The NSERC CANRIMT NETWORK, led by Dr. Yusuf Altintas of the University of British Columbia, is comprised of 18 researchers from 6 Canadian universities working in collaboration with 8 industry partners and 2 government laboratories.

The Network is funded by the Natural Science and Engineering Research Council of Canada (NSERC) with a budget of $5 million over 5 years (2010-2015) with additional contributions from industry and partner universities totaling $230,000 per year.

The interaction between the Canadian machining industry, key national laboratories and NSERC CANRIMT members will play an important role in the exchange of complementary research data and expertise.


Theme I: Material Behaviour Modeling and Analysis

Theme II: Machine Tool Modeling and Analysis

Theme III: Process Planning & Validation

Theme IV: Reconfigurable Modular Machine Tools (RmMT)–Synthesis, Analysis & Element Modularity

Theme V: Virtual Machining Technology (VMT) Integration

Thin-Wall Machining (UBC) Ultra Precision Single Point Diamond-Turned Mirror (Dr. Stephen Veldhuis-McMaster University) Cross-sectioned portion of an engine block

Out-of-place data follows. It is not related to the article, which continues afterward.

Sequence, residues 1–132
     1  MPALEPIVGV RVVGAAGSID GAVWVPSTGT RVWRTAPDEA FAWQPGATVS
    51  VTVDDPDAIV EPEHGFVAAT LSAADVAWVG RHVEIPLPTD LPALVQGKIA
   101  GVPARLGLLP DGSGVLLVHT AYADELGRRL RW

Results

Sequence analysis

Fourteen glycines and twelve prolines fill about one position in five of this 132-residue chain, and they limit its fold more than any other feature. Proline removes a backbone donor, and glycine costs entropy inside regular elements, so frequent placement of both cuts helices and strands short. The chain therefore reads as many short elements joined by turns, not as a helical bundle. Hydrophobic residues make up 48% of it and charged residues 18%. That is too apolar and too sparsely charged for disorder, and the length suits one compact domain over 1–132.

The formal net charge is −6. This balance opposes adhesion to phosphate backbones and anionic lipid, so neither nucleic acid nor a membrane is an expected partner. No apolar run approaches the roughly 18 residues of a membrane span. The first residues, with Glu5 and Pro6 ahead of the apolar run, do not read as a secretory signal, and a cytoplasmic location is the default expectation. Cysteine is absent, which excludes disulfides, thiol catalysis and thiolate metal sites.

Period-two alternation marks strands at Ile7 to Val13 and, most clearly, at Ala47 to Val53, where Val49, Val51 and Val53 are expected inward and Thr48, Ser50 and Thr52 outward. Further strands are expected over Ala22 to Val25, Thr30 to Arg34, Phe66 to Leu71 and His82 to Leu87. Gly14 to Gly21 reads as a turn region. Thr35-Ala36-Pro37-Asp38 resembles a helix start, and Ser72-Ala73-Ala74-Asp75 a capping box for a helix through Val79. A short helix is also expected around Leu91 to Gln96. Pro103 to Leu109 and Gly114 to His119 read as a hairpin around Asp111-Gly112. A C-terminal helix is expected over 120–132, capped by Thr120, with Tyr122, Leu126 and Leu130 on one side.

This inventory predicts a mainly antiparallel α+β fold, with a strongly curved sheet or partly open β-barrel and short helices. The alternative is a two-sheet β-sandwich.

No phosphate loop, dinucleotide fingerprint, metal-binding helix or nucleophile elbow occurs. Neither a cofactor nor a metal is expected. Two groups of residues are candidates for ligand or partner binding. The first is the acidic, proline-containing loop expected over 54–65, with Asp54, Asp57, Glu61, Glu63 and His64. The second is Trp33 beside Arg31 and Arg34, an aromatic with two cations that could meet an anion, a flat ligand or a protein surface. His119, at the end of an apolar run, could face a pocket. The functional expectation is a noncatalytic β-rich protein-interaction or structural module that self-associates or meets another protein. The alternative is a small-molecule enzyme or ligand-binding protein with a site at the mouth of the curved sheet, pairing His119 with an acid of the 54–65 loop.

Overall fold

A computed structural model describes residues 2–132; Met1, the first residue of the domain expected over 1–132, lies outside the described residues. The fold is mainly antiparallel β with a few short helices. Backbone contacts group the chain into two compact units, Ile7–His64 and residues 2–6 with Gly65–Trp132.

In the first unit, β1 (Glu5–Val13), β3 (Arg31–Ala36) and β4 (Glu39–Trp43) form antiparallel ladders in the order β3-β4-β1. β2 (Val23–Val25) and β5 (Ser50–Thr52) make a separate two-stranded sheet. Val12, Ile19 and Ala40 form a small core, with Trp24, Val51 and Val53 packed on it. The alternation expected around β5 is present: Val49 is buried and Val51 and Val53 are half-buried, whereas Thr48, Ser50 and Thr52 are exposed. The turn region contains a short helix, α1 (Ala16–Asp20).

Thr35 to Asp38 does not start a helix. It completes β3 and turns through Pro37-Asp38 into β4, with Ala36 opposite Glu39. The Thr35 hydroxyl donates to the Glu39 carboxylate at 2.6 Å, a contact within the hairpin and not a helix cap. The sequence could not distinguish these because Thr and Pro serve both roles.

(Dr. Ahmet Alpas-University of Windsor) MACHpro - UBC’s Virtual Machining Process Simulation and Optimization Platform Prediction of micro-milling forces from material’s flow stress - dynamometer compensated with a Kalman filter (UBC MAL) Micro-Machining Instruments (UBC MAL) Metrology and motion control instruments (UBC MAL) Prediction of milling forces from tool geometry and orthogonal cutting material data (UBC MAL) UBC Manufacturing Automation Laboratory - Student Training Results NSERC CANRIMT PhD student using an Optical Surface Profilometer NSERC CANRIMT Postdoctoral Fellow preparing TEM samples using a Twin-Jet Polishing Unit NSERC CANRIMT PhD student using a JEOL 6300 Scanning Electron Microscope NSERC CANRIMT MASC student using a Stamping Machine



The manufacturing sector in Canada has an output of approximately $600 billion annually, with machining operations playing a major role in this activity.

Critical value-added functions are performed during machining to produce parts for the machinery, aircraft, automotive, power generation, medical, agricultural, marine and rail transportation sectors. Large amounts of capital equipment and human resources are involved in this sector within Canada.

The NSERC CANRIMT Project focuses on making this existing base of equipment and talent more productive by providing it with educated personnel empowered with science-based tools operating within a virtual framework.

Overall this will have a significant impact on productivity, cost, and quality; three indicators that dictate competitiveness in the global marketplace.